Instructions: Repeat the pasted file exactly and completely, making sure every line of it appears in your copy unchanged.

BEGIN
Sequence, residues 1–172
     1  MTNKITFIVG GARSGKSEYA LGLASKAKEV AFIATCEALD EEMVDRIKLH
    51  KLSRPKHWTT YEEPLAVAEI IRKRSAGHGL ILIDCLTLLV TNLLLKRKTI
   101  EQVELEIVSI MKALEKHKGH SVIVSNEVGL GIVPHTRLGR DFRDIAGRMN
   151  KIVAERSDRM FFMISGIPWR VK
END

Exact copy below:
Sequence, residues 1–172
     1  MTNKITFIVG GARSGKSEYA LGLASKAKEV AFIATCEALD EEMVDRIKLH
    51  KLSRPKHWTT YEEPLAVAEI IRKRSAGHGL ILIDCLTLLV TNLLLKRKTI
   101  EQVELEIVSI MKALEKHKGH SVIVSNEVGL GIVPHTRLGR DFRDIAGRMN
   151  KIVAERSDRM FFMISGIPWR VK